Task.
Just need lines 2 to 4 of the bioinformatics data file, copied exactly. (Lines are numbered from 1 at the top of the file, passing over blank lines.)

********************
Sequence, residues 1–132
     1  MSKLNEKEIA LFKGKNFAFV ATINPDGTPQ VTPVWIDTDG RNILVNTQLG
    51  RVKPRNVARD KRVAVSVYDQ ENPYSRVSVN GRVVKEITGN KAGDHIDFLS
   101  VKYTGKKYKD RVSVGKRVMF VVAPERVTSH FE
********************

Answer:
     1  MSKLNEKEIA LFKGKNFAFV ATINPDGTPQ VTPVWIDTDG RNILVNTQLG
    51  RVKPRNVARD KRVAVSVYDQ ENPYSRVSVN GRVVKEITGN KAGDHIDFLS
   101  VKYTGKKYKD RVSVGKRVMF VVAPERVTSH FE